The right-wing war on trans children is unfolding with frightening speed. States have introduced curriculum restrictions that bar any discussion of their existence, and at least six states now prohibit trans students from using facilities aligned with their gender. And lest people think that federal judges might step in to help, those courts are stacked with reactionary Trump judges whose decisions neatly align with the anti-trans “values” of conservative politicians.
Among the more recent legal attacks is a lawsuit filed by 20 conservative attorneys generals against President Joe Biden’s administration over guidance that provided rudimentary protections for transgender adults and children in schools. Just two years ago, the Supreme Court held in Bostock v. Clayton County that, at least in the employment discrimination context, “discrimination based on transgender status necessarily entails discrimination based on sex; the first cannot happen without the second.” Now, this group of apparently-amnesiac AGs is arguing that the treatment of trans people in school and the workplace “properly belongs to Congress, the States, and the people.”
This is not a new legal argument. It is the lazy repackaging of conservative opposition to the holding in Bostock, hopeful for a friendlier audience. But this time, the AGs got one: Charles Atchley, a Trump appointee to the U.S. District Court for the Eastern District of Tennessee. They also got a predictable and depressing result: The administration, per Atchley, is blocked from implementing fundamental protections for trans children and adults.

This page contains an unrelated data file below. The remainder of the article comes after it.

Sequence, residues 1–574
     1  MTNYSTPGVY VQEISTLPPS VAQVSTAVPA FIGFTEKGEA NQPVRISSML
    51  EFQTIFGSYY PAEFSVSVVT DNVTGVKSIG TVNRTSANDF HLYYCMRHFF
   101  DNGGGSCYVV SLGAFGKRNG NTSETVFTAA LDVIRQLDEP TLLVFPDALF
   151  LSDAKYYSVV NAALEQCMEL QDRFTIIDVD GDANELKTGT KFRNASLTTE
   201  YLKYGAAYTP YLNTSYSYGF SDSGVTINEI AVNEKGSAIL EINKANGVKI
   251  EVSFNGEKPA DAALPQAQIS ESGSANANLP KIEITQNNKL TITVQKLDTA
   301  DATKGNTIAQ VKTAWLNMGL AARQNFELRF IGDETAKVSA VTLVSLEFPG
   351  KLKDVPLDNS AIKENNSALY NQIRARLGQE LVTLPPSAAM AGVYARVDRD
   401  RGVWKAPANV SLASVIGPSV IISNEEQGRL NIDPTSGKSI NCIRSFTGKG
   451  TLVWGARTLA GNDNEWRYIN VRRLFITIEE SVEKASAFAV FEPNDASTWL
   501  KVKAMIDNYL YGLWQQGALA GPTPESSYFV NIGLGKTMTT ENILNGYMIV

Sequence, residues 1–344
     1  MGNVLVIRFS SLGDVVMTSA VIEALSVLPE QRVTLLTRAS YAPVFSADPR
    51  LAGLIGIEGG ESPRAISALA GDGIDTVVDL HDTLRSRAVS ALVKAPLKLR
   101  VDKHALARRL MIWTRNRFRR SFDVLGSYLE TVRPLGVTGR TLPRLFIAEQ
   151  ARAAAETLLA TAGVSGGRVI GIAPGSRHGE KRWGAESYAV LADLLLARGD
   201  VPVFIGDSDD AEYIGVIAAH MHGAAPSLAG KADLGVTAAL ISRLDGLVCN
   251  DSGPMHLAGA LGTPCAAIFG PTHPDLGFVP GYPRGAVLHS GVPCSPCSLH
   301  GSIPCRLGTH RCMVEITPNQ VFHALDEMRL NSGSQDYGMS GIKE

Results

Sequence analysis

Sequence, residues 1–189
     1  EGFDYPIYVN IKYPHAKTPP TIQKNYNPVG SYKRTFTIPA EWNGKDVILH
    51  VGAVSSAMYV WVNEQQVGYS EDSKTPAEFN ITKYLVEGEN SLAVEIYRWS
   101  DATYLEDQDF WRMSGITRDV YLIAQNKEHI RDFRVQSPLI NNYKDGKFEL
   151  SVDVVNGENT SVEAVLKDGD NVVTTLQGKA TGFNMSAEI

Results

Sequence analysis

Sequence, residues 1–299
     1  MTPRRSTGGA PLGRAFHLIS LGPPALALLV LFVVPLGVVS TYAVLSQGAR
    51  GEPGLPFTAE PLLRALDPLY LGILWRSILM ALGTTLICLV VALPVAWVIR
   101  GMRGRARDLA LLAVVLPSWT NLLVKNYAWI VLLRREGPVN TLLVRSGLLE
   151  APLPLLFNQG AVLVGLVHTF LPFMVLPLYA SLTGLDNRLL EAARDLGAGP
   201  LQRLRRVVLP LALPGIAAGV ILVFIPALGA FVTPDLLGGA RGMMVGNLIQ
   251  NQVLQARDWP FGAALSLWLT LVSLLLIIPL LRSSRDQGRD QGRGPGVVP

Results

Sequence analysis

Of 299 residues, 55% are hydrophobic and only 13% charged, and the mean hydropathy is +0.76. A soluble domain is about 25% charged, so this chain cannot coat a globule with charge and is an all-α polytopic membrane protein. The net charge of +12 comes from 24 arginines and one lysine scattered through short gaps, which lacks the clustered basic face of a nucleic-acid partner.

The upshot of Bostock is that transgender workers are protected under Title VII of the Civil Rights Act of 1964, as amended, which covers workplace discrimination. The Biden administration quite reasonably extended that logic to Title IX of the Act, which covers discrimination in public schools, given that Title IX also prohibits discrimination “on the basis of sex.” Thus, the administration announced that it would investigate things like a teacher refusing to use a student’s correct pronouns, or forcing someone to use the bathroom that doesn’t conform with their gender.
Much of Atchley’s opinion is a relatively dry discussion about when states have standing to sue, and the labyrinthine workings of federal administrative rulemaking procedure. You have to wade through about 40 pages of this stuff before you get to the real meat of the opinion: While the federal government has “a public interest in enforcing Titles VII and IX to the fullest extent permissible,” Atchley writes, the attorneys general have “a strong public interest in enforcing their duly enacted state laws and protecting the underlying policies.” In other words, although the federal government cares about civil rights, some states also care very deeply about ignoring civil rights, and the hallowed mantra of “states’ rights” compels judges like Atchley to bow to the desire of conservative politicians to discriminate against people they don’t like.